COLUMBUS _ A conservative group said it will fight the Legislature's backup school-funding plan to place a tax increase on the primary ballot because it is not allowed by the constitution.
Unable to collect the 60 votes Wednesday to put a proposed constitutional amendment before voters, the House plans to start work next week on legislation that would need the support of only 50 of the 99 members to get the half-cent sales tax increase on the May ballot.
And because only proposed constitutional amendments must be approved at least 90 days before an election, the move would buy lawmakers an extra couple of weeks to come up with a plan to fix the way Ohio pays for public education.
Not so fast, says David Zanotti, president of the Solon-based Ohio Roundtable.
"The Legislature is attempting to subvert the intent of the Constitution," Zanotti said Friday.
Zanotti, one of the leaders of the 1992 campaign for term limits and the anti-casino gambling drives of 1990 and 1996, promised a legal challenge if the Legislature goes through with the plan.
The group disagrees with the Ohio Supreme Court's ruling against the current funding system, believing it is up to a legislature to decide how schools are funded.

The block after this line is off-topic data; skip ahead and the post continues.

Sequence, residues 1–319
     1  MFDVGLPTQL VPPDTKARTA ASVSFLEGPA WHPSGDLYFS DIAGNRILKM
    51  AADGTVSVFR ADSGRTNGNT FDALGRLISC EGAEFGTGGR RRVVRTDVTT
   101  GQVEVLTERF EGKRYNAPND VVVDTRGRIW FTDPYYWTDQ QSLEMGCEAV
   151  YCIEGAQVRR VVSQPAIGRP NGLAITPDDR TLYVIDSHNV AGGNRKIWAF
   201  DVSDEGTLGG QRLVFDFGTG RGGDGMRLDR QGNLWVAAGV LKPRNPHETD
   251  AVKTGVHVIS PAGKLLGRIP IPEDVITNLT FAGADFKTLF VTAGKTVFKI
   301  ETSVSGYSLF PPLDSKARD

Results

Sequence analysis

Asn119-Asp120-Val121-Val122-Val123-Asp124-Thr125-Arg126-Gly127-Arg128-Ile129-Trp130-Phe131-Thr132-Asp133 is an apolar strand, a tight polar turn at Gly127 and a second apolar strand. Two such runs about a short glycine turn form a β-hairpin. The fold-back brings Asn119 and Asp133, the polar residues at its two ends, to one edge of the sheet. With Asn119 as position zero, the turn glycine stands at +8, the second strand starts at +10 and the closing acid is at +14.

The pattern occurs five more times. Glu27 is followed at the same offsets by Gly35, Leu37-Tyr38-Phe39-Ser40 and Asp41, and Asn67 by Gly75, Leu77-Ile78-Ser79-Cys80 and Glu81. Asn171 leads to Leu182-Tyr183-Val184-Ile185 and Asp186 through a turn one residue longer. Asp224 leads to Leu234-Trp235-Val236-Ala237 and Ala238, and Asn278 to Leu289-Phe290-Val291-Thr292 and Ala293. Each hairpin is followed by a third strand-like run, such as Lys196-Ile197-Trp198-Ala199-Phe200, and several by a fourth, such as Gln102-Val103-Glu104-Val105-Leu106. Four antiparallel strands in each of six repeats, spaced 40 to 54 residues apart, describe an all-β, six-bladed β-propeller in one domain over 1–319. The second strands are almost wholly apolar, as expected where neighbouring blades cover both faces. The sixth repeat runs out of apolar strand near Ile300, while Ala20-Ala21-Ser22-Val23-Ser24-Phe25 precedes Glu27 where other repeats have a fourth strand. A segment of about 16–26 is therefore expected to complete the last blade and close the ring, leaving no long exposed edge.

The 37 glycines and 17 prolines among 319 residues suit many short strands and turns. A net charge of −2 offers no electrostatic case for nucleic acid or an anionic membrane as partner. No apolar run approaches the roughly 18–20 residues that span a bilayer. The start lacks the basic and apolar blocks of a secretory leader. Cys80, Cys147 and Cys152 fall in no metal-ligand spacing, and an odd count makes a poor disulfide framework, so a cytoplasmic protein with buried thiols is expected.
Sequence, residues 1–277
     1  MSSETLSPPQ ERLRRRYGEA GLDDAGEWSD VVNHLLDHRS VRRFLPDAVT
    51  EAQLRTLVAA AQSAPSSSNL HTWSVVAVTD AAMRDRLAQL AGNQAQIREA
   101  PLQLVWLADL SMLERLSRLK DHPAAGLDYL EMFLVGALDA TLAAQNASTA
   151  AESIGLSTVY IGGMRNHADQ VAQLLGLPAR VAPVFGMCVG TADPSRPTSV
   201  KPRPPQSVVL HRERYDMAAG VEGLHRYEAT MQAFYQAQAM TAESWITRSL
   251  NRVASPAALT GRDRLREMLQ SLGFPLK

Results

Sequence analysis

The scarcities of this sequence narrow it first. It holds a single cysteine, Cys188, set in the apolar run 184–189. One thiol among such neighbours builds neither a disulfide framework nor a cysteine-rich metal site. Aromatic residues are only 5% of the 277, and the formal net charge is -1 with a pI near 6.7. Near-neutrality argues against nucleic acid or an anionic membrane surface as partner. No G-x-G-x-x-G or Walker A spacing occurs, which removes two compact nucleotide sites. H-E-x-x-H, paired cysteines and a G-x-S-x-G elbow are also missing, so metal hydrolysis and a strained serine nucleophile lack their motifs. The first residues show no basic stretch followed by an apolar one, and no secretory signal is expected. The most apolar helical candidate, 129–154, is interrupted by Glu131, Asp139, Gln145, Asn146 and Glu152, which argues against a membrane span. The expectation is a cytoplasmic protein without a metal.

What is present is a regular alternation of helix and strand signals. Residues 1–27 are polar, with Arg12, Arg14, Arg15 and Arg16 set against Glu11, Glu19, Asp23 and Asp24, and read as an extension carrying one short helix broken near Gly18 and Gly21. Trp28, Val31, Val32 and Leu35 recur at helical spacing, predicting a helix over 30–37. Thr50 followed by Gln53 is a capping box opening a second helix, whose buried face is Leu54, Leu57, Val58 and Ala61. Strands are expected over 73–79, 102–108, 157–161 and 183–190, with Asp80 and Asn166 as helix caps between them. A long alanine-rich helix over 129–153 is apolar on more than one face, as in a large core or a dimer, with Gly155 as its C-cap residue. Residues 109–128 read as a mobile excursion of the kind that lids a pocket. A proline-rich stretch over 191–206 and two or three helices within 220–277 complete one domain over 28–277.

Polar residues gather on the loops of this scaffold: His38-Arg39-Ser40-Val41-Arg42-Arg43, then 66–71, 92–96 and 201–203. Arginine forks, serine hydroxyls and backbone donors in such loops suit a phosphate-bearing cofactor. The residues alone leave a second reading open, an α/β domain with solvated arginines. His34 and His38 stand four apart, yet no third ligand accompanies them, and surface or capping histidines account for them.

Lawmakers are scrambling to find a source of money to pay for recently passed legislation that increases the state subsidy for public education and spending on things like all-day kindergarten and smaller class sizes.
A half-cent increase in the sales tax _ to 5.5 percent _ would raise about $550 million a year. The money would be split between education and property tax cuts for homeowners.
Without the extra money, Gov. George Voinovich has said he will veto large parts of the bill.
That could leave the Legislature in a tough spot when it tries to convince the Supreme Court that it has met the order to fix the formula.
The court gave the Legislature one year _ until March 24 _ to make the funding more equal among districts and ease the reliance on property taxes.
House Speaker Jo Ann Davidson, R-Reynoldsburg, conceded that the alternative route to the ballot has never been tried before. But she told reporters this week that it is allowed under a 147-year-old section of the Ohio Constitution.
The section allows the Legislature to delegate its authority when dealing with education-related subjects _ in this case to the voters.
That interpretation is incorrect, Zanotti claimed.
Generally, the provision has applied to laws passed by the Legislature and then implemented by the state school board or local boards of election, he said.
Zanotti isn't the only one with reservations about idea.
Senate President Richard Finan said the maneuver _ and resulting lawsuit _ could lead to delays in designing a school-funding plan.
"I'm not saying we're going to do it, or not do it," Finan said.
In addition, some lawmakers argue that it would be better if the tax increase for schools was amended into the Constitution. Otherwise, it would be easy for future lawmakers to eliminate it or use the money for something else.